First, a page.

BRASSEY, THOMAS (1805-1870), English railway contractor, was born at Buerton, near Chester, on the 7th of November 1805. His father, besides cultivating land of his own, held a large farm of the marquess of Westminster; his ancestors, according to family tradition, having been settled for several centuries at Bulkeley, near Malpas, Cheshire, before they went to Buerton in 1663. Thomas Brassey received an ordinary commercial education at a Chester school. At the age of sixteen he was apprenticed to a surveyor, and on the completion of his term became the partner of his master, eventually assuming the sole management of the business. In the local surveys to which he devoted his attention during his early years he acquired the knowledge and practical experience which were the necessary foundation of his great reputation. His first engagement as railway contractor was entered upon in 1835, when he undertook the execution of a portion of the Grand Junction railway, on the invitation of the distinguished engineer Joseph Locke, who soon afterwards entrusted him with the completion of the London and Southampton railway, a task which involved contracts to the amount of £4,000,000 sterling and the employment of a body of 3000 men. At the same time he was engaged on portions of several other lines in the north of England and in Scotland. In conjunction with his partner, W. Mackenzie, Brassey undertook, in 1840, the construction of the railway from Paris to Rouen, of which Locke was engineer. He subsequently carried out the extension of the same line. A few years later he was engaged with his partner on five other French lines, and on his own account on the same number of lines in England, Wales and Scotland. Brassey was now in control of an industrial army of 75,000 men, and the capital involved in his various contracts amounted to some £36,000,000. But his energy and capacity were equal to still larger tasks. He undertook in 1851 other works in England and Scotland; and in the following year he engaged in the construction of railways in Holland, Prussia, Spain and Italy. One of his largest undertakings was the Grand Trunk railway of Canada, 1100 m. in length, with its fine bridge over the St Lawrence. In this work he was associated with Sir M. Peto and E.L. Betts. In the following years divisions of his industrial army were found in almost every country in Europe, in India, in Australia and in South America. Besides actual railway works, he originated and maintained a great number of subordinate assistant establishments, coal and iron works, dockyards, etc., the direction of which alone would be sufficient to strain the energies of an ordinary mind. His profits were, of course, enormous, but prosperity did not intoxicate him; and when heavy losses came, as sometimes they did, he took them bravely and quietly. Among the greatest of his pecuniary disasters were those caused by the fall of the great Barentin viaduct on the Rouen and Havre railway, and by the failure of Peto and Betts. Brassey was one of the first to aim at improving the relations between engineers and contractors, by setting himself against the corrupt practices which were common. He resolutely resisted the "scamping" of work and the bribery of inspectors, and what he called the "smothering of the engineer"; and he did much in this way to bring about a better state of things. Large-hearted and generous to a rare degree, modest and simple in his taste and manners, he was conscious of his power as a leader in his calling, and knew how to use it wisely and for noble ends. Honours came to him unsought. The cross of the Legion of Honour was conferred on him. From Victor Emmanuel he received the cross of the Order of St Maurice and St Lazarus; and from the emperor of Austria the decoration of the Iron Crown, which it is said had not before been given to a foreigner. He died at St Leonards on the 8th of December 1870. His life and labours are commemorated in a volume by Sir Arthur Helps (1872).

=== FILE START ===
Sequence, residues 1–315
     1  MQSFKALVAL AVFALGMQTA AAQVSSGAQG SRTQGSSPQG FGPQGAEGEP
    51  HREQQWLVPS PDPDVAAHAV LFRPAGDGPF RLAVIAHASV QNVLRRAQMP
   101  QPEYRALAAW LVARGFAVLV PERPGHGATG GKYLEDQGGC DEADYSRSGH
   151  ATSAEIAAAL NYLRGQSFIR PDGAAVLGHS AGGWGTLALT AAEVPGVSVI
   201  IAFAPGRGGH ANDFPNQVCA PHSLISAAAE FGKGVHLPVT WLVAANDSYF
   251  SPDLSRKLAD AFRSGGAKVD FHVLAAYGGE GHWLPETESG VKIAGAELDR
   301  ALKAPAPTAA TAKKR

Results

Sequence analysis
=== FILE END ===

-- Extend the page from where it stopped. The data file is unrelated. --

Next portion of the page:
He left three sons, of whom the eldest, Thomas (b. 1836), was knighted and afterwards (1886) created Baron Brassey. Lord Brassey, who was educated at Rugby and Oxford, entered parliament as a liberal in 1865, and devoted himself largely to naval affairs. He was civil lord of the admiralty (1880-1883), and secretary to the admiralty (1883-1885); and both before and after his elevation to the peerage did important work on naval and statistical inquiries for the government. In 1893-1805 he was president of the Institution of Naval Architects. In 1894 he was a lord-in-waiting, and from 1895 to 1900 was governor of Victoria. In 1908 he was appointed lord warden of the Cinque Ports. His voyages in his yacht "Sunbeam" from 1876 onwards, with his first wife (d. 1887), who published an interesting book on the subject, took him all over the world. Lord Brassey married a second time in 1890. Among other publications, his inauguration of the Naval Annual (1886 onwards), and his volumes on The British Navy, are the most important. His eldest son Thomas, who edited the Naval Annual (1890-1904), and unsuccessfully contested several parliamentary constituencies, was born in 1862.
Note - this article incorporates content from Encyclopaedia Britannica, Eleventh Edition, (1910-1911)